Thursday, December 28, 2017

The Punisher: Season One review

    There's an argument the genre of superheroes is inherently fascist. It's a line which is frequently trotted out when someone wants to look smarter and put down popular culture. The argument basically depends on the idea that individuals taking the law into their own hands and vigilantism are inherently reactionary Far Right attitudes. This is a very American attitude which ignores the fact uprisings of workers in coal mining towns and with unions are a part of our history.

    Also, it weirdly believes authoritative groups like the police and government should be the only ones to wield violence that would get you laughed at in most Third World governments. Which, fine argument, but it's a weird argument from a revolutionary anti-fascist perspective given tyrannies usually move to take control of such. It's also an argument which falls apart immediately when you mention the X-men. However, the Punisher tends to get a bit more argument weight than most since he's based on the character of Mack Bolan and tends to advocate the death of all criminals with unlimited military force.

The Punisher is never in a good mood.
    Even the Punisher is a lot more nuanced character than people give him credit for, especially under Garth Ennis who interpreted the Punisher as the kind of guy who is a serial killer like Dexter but has great contempt for systemic evils of society. He's a monster but a monster who has a clear vision of society's evils from slavers to the Military Industrial Complex. However, no one has quite given him the kind of makeover which Netflix has.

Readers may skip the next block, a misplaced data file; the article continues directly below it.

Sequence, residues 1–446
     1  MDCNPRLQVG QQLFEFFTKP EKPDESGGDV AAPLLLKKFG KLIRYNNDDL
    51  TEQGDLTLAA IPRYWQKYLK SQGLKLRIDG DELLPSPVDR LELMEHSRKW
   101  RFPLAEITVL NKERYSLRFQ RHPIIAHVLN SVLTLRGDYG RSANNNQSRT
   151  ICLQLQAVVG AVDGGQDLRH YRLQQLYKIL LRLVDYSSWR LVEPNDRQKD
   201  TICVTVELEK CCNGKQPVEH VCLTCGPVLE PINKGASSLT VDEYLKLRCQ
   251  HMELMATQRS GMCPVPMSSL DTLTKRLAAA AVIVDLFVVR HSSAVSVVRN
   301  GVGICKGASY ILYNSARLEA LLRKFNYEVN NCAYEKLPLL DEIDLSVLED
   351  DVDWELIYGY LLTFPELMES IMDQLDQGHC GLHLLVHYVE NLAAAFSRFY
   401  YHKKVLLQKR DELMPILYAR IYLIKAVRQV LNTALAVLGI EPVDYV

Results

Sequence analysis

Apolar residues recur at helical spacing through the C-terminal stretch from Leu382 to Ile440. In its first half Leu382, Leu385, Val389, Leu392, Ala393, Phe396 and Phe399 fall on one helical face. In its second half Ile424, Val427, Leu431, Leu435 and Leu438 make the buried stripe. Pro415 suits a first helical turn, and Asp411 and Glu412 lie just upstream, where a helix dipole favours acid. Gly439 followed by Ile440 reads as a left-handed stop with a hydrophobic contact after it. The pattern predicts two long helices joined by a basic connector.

Daredevil's season 2 gave a lighter and softer interpretation of the Punisher which showed Frank Castle as manifestly NOT Garth Ennis' serial killer of criminals. He's a man who hates the criminals who murdered his family and kills them but is obviously neither mentally ill or who enjoys killing. Instead, it is a simple revenge tale about a man who was wronged by the system and went on his own way. The Punisher Season One takes the lighter and softer approach of that season and expands on it to make a surprisingly left-leaning anti-Establishment version of Frank Castle who arguably has more in common with the Nomad version of Captain America than he does than his comic book inspiration. This Frank Castle is actually capable of retiring from his war against crime and trying to live a normal life (albeit failing miserably because evil knows where Castle lives).

I found the idea of crusading Homeland Security agents funny.
    The first thing to note about this season is it doesn't really take place in the Marvel universe, cinematic or otherwise. While Karen Page (Deborah Ann Woll) shows up for several memorable scenes, the series removes any and all references to the other series. It's squarely a show about the long-term effects of the War on Terror and the aftermath on everyone from the government to the public to the soldiers who have returned from it. A war which, seventeen years later, is still going strong.

    Now if this is not the longest, most drawn out introduction to a review, please note it's a necessary one as I feel like The Punisher feels very much like a show for people who wanted the anti-24 (which admittedly is the Bourne Identity so let's say the OTHER anti-24). It's an anti-establishment thriller where the villains are the Military Industrial complex, Right Wing domestic terrorists, corrupt government officials, PMCs, and CIA black bag men instead of Frank Castle's usual foes. I don't mind this but I do think it's not the most absolutely necessary re-envisioning ever done. I mean, it's not like the Zeta cartel, Russian Mob, or ISIS are suddenly not awful people. But, still, is this a good series?